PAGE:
Kaiser Permanente hit by strike votes in California, Oregon
LOS ANGELES (AP) – More than 24,000 nurses and other healthcare workers at Kaiser Permanente in California and Oregon have overwhelmingly authorized a strike on wages and working conditions strained by the coronavirus pandemic. Similar strike votes could come in half a dozen other states against Kaiser, one of the country’s largest healthcare providers. Unions oppose Kaiser’s proposal to give new employees lower pay and less health protections. They also want increases of 4% for each of the next three years and a commitment to hire more nurses to address staff shortages. Kaiser offers 1% per year and says he needs to cut labor costs to stay competitive.
SOUTHWEST FLIGHTS CANCELED
Southwest limits canceled flights after tumultuous 3 days
DALLAS (AP) – Southwest Airlines appears to be resolving issues that caused nearly 2,400 flights to be canceled in the previous three days. As of noon Tuesday, Southwest had canceled fewer than 100 flights, although more than 400 more were late. This is according to the FlightAware tracking service. The Southwest said bad weather and air traffic control issues in Florida on Friday left planes and pilots out of position, causing cascading problems for flights across the country.
VIOLENT VIDEO COMPLAINT ON FACEBOOK
Father of slain journalist lashes out at Facebook over violent video
WASHINGTON (AP) – The family of a murdered journalist is calling on the Federal Trade Commission to take action against Facebook for failing to remove online footage of his gunshot death. Andy Parker claims the company is violating its own terms of service by hosting videos on Facebook and its sister service Instagram that glorify violence. His daughter, television reporter Alison Parker, and cameraman Adam Ward were killed by a former colleague while reporting for Roanoke, the WDBJ-TV channel in Virginia in August 2015. A complaint filed Tuesday with the FTC indicates that Facebook engages in deceptive marketing practices by violating its own terms of service and distorting the security of the platform.
SUPREME PIPELINE-COURTYARD NATURAL GAS
Spire asks Supreme Court to keep pipeline operational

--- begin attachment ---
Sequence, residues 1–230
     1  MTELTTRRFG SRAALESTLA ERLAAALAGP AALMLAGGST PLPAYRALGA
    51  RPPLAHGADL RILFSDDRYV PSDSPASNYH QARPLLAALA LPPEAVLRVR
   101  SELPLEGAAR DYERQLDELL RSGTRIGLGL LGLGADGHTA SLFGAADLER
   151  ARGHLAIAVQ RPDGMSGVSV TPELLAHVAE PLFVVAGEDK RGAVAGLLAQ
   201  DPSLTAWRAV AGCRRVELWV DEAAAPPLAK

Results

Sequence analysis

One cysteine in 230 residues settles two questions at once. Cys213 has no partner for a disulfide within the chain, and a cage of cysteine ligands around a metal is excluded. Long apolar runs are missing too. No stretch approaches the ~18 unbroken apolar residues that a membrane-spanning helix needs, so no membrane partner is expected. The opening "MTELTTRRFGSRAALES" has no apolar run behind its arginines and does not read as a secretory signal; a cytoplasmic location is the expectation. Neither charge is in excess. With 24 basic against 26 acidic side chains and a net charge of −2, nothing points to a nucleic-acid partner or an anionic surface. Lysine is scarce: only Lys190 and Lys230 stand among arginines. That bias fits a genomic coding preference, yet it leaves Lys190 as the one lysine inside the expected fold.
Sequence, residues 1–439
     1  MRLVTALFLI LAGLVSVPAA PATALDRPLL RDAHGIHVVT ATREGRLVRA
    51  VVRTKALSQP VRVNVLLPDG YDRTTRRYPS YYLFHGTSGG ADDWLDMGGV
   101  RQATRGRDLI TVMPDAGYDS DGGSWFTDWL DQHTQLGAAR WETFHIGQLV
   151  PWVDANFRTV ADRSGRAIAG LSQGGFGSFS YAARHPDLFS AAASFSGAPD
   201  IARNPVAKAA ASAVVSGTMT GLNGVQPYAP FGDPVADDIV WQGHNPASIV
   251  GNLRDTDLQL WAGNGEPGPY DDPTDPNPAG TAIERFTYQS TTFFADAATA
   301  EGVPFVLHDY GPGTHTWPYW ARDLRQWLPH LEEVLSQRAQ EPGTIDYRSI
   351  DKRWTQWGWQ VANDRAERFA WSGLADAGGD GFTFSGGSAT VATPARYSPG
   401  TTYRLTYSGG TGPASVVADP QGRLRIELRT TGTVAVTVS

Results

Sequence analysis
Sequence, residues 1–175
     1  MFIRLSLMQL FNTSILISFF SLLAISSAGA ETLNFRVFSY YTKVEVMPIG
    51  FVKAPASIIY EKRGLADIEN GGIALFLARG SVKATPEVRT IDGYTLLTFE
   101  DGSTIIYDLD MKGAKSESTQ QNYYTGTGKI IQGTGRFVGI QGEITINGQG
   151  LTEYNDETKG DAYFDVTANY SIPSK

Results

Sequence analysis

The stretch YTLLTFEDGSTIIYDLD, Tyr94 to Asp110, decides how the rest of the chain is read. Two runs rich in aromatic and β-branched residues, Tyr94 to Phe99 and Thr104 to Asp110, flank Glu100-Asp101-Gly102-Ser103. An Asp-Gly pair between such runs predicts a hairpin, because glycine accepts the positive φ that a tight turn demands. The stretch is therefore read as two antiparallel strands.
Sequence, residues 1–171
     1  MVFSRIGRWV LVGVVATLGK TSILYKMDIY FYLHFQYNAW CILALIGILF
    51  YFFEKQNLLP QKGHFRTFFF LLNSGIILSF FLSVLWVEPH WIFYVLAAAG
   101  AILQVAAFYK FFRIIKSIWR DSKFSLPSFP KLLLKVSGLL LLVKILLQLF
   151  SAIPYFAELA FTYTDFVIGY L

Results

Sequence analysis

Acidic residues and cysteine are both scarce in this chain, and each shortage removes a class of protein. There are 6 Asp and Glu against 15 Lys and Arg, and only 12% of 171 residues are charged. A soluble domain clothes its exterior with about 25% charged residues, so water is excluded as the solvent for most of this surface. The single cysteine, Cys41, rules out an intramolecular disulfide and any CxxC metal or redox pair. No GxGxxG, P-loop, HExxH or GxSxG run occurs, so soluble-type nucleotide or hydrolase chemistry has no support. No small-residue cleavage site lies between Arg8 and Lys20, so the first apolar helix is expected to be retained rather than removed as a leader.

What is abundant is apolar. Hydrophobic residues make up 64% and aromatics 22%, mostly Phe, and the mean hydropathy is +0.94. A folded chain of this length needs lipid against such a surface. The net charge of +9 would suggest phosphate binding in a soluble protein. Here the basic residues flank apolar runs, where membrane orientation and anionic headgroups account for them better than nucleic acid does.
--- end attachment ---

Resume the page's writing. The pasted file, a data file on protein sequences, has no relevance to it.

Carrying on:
WITHOUT DATE (AP) – St. Louis-based natural gas company Spire Inc. is asking the United States Supreme Court to allow it to continue operating a pipeline through Illinois and Missouri, warning that a winter shutdown could be devastating for the Saint-Louis area customers. In a case filed last week, Spire requested a suspension that would allow the operation of its Spire STL pipeline until the issue is resolved in court. If the Supreme Court refuses to hear the case, operation of the pipeline could cease on December 13, unless the Federal Energy Regulatory Commission extends an emergency order granted in September.
GENERAL MOTORS BATTERY RECALL FEE
GM Reaches Deal With LG To Pay Bolt Battery Recall Fee
DETROIT (AP) – LG Electronics has reached a deal with General Motors to pay up to $ 2 billion to reimburse the automaker for the cost of recalling Chevrolet Bolt electric vehicles due to battery fires. The automaker announced the deal in a statement Tuesday morning. GM says it will show an estimated recovery of $ 1.9 billion to $ 2 billion in third-quarter profits, which will offset the costs associated with recalls. In August, GM extended a previous recall to more than 140,000 Bolt electric vehicles sold worldwide since 2016 because a manufacturing defect in the battery could cause the vehicles to burn. The recall follows reports of 13 battery fires, GM said, which can occur when two separate faults are present in battery modules.
France’s $ 35 billion innovation plan includes funding for nuclear reactors
PARIS (AP) – French President Emmanuel Macron has unveiled a 5-year investment plan of 30 billion euros ($ 35 billion) for the development of innovative technologies, including small nuclear reactors, electric cars and greener planes. Macron said on Tuesday that the goal of the state-funded France 2030 plan is to boost France’s economic growth over the next decade amid increasing global competition with China and the United States. The plan includes 8 billion euros ($ 9.2 billion) to develop energy technology that would help reduce greenhouse gas emissions. Macron said the funding would fund the construction of small modular nuclear reactors in France, which depends on nuclear power for 70% of its electricity.
EU announces cuts in Baltic herring and cod catches
BRUSSELS (AP) – The European Union is imposing reductions in catches of cod and herring in the Baltic Sea to ensure that threatened stocks and the region’s fishing fleet have a chance of survival. The seas off several northern EU member states have suffered from pollution, high water temperatures and too many vessels chasing too few fish in recent years, pushing EU ministers to impose stricter measures on Tuesday. As part of these measures, catches of the once-abundant western cod will be reduced by 88% next year while cod in the eastern Baltic will be kept at a much reduced level, down 70% from what is expected. two years ago.